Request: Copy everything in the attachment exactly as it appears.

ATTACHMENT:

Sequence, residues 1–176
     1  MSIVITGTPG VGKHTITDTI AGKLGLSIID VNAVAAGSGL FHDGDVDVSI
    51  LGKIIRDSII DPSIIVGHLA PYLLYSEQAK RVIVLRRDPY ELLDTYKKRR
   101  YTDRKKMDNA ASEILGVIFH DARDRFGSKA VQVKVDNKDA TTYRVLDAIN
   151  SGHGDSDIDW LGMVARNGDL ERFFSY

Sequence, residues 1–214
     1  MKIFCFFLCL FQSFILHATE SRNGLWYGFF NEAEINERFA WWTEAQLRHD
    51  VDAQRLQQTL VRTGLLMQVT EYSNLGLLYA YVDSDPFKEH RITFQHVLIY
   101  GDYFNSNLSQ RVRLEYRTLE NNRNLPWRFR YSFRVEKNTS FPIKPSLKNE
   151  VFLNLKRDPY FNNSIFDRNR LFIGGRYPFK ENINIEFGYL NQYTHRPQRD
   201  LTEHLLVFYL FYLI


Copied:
Sequence, residues 1–176
     1  MSIVITGTPG VGKHTITDTI AGKLGLSIID VNAVAAGSGL FHDGDVDVSI
    51  LGKIIRDSII DPSIIVGHLA PYLLYSEQAK RVIVLRRDPY ELLDTYKKRR
   101  YTDRKKMDNA ASEILGVIFH DARDRFGSKA VQVKVDNKDA TTYRVLDAIN
   151  SGHGDSDIDW LGMVARNGDL ERFFSY

Sequence, residues 1–214
     1  MKIFCFFLCL FQSFILHATE SRNGLWYGFF NEAEINERFA WWTEAQLRHD
    51  VDAQRLQQTL VRTGLLMQVT EYSNLGLLYA YVDSDPFKEH RITFQHVLIY
   101  GDYFNSNLSQ RVRLEYRTLE NNRNLPWRFR YSFRVEKNTS FPIKPSLKNE
   151  VFLNLKRDPY FNNSIFDRNR LFIGGRYPFK ENINIEFGYL NQYTHRPQRD
   201  LTEHLLVFYL FYLI